The Source Family At Coolidge Corner Theatre, Brookline, MA

I have been waiting some time for this film. For fans of ’60s culture this is a wild, strange, and indispensable story: “The Source Family was a radical experiment in ’70s utopian living. Their outlandish style, popular health food restaurant, rock band, and beautiful women made them the darlings of Hollywood’s Sunset Strip; but their outsider ideals and the unconventional behavior of their spiritual leader, Father Yod, caused controversy with local authorities. They fled to Hawaii, leading to their dramatic demise.”

Fishing With John at the Coolidge Corner Theatre, Brookline, MA., May 13.

New York hipster, John Lurie, painter, musician (the Lounge Lizards) became widely known after his star turn in the Jim Jarmusch film, Stranger than Paradise. He has produced a mock documentary television series called Fishing with John, where, while fishing in obscure locations, he interviewed guests, including Dennis Hopper, Tom Waits, and Willem Dafoe. This is a strange and wonderful show. Lurie will screen several episodes and discuss his work.

A scene from the documentary “Ten Minutes Older” — part of the Mirror Stage series

Mirror Stage , at the Brattle Theater, Cambridge, MA., May 13.

Balagan, the venerable experimental film series, continues its series with a gathering of movies based on the idea of Lacan’s ‘mirror stage’ and what the concept says about identity. The theme is described in this way: “we ponder the screen, the stage and the curtains; as we gaze into the spectators’ faces and observe their body language — entranced or impatient — we see a reflection of ourselves. So we enter Lacan’s “mirror stage”: the anxious moment of catching sight of oneself for the first time and beginning to grasp the reality of one’s existence.”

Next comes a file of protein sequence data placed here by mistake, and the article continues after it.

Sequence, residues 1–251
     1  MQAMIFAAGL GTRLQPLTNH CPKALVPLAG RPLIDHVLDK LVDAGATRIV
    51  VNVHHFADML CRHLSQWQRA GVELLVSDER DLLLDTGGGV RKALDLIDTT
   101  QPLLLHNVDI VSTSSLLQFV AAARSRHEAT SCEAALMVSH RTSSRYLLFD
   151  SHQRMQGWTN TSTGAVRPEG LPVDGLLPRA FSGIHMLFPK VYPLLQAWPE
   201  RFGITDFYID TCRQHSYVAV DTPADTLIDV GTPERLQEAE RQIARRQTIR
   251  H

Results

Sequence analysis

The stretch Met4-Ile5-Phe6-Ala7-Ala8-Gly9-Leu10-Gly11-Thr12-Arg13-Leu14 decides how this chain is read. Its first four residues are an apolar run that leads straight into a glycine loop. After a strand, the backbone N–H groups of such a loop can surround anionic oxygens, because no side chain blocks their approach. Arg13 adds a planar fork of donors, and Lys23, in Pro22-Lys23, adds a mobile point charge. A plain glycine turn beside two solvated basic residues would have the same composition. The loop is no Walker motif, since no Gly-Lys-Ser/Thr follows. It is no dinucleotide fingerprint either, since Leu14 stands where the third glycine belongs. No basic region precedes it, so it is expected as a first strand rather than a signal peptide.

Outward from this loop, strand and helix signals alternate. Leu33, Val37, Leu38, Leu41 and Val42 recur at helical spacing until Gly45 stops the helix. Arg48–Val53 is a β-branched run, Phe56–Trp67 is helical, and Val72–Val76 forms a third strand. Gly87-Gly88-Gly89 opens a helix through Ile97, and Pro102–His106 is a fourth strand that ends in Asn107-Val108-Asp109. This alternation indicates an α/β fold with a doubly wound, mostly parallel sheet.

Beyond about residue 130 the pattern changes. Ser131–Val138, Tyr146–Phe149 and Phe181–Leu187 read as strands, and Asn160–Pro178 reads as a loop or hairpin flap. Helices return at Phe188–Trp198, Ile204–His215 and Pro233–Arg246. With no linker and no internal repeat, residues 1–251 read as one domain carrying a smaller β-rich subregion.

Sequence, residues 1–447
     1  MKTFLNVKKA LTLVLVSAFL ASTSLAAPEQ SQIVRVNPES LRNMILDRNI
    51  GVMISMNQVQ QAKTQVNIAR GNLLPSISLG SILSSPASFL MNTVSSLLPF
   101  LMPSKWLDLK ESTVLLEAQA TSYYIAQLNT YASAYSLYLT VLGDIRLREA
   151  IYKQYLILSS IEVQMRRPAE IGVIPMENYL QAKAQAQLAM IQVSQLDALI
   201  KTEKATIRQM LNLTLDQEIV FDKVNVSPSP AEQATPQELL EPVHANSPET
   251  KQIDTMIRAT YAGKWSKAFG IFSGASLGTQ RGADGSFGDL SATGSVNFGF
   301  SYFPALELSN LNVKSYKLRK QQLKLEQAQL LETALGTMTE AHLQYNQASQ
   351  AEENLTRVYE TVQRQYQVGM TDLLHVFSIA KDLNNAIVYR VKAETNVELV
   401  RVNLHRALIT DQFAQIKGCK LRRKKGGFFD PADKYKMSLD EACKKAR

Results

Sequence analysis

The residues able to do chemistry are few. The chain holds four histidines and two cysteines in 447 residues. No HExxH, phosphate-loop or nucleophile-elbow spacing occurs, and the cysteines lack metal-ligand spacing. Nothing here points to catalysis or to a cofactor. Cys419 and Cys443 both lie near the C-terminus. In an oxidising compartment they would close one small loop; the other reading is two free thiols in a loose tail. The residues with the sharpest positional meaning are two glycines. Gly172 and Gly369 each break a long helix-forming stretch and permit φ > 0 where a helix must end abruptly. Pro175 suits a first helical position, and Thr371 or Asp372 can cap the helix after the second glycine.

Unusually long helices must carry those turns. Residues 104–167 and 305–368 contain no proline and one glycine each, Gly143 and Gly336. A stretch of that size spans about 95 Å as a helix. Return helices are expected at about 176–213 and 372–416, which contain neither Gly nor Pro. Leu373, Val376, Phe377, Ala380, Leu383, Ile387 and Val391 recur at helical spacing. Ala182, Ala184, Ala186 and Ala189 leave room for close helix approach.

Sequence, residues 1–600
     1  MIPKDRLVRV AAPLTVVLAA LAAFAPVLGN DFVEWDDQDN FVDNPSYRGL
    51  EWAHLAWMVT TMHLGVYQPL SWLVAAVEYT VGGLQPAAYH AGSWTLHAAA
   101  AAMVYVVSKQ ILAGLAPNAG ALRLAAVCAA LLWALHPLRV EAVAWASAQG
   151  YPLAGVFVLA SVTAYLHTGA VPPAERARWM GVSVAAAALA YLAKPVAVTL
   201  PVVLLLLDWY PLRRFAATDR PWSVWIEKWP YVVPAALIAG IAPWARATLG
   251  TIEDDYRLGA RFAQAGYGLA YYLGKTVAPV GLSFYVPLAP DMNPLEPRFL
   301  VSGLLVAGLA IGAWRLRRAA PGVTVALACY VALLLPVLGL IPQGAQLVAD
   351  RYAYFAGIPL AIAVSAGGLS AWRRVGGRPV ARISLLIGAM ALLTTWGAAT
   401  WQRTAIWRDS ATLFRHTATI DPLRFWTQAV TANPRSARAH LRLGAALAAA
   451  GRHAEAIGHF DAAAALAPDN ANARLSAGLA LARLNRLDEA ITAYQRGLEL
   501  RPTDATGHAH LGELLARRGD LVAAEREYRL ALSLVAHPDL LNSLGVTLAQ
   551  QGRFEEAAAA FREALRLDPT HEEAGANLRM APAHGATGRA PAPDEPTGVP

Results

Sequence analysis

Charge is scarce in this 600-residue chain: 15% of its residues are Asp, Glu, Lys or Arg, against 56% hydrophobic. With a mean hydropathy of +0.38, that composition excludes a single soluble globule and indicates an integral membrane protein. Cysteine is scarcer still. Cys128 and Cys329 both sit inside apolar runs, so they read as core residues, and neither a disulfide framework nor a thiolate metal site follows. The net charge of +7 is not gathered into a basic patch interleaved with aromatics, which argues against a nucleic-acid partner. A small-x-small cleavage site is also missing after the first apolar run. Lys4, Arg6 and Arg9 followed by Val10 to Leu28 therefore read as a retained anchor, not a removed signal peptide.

2 Seconds at Harvard Film Archives, Cambridge, MA., May 14.

Biking enthusiasts will no doubt gather for this free screening of the French Canadian movie 2 Seconds (1980), a film that meditates (a lot) on the mystique of bicycling: “Pixie-ish lesbian Laurie is a professional mountain bike racer who is in crisis when she loses both a pivotal bike race and her career. Driven and passionate about cycling, she moves to Montreal to work as a bike courier where she befriends an older Italian cyclist who helps her understand life beyond the bike.”

The Second November (Nëntori i Dytë), at the Boston Public Library’s Rabb Auditorium, Boston, MA., May 18.

During the production of this film Albania entered one of the darkest periods in its fifty years of Marxist rule. Purges and arrests of government officials and their families became routine. The movie has rarely been shown outside of Albania: it is “directed by Viktor Gjika, one of the most distinguished figures in Albanian cinema and stars Alexsander ‘Sander’ Prosi in his towering performance as the great patriot, Ismail Qemal Vlora.” This free screening marks the beginning of a restoration effort that will help preserve a film heritage that is in grave danger.

Samuri Saturdays. Museum of Fine Arts. Boston

The MFA continues its Saturday screenings of great Samurai Classics. All the films screen on 35mm and the lineup includes such cinematic greats as Taboo, Yojimbo, Throne of Blood, Rashoman, and, of course, Akira Kurosawa’s epic The Seven Samurai (May 23 at 6 p.m.), which demands to be seen on a big screen.

A scene from the German Expressionist silent film “From Morning to Midnight”

From Morning to Midnight, at the Institute of Contemporary Art, Boston, MA., May 25.

Boston’s premier silent film ensemble, The Alloy Orchestra, performs its score for a German masterpiece, a film version of one of the most frequently performed works of Expressionist theatre. The story revolves around a cashier in a small bank who embezzles 60,000 marks and absconds to Berlin, where his attempts to attain transcendence via sport, romance, and religion are continually frustrated. “Characterized by its emphasis on the artist’s subjective world view, Expressionism demanded the liberation of the human spirit from the constraints of industrial capitalism. As Germany’s bourgeois society destroyed and then violently reasserted itself, the Expressionists sought new directions appropriate to the postwar environment.” (Cineaste Magazine)

Posted in , ,

Leave a Comment

Recent Posts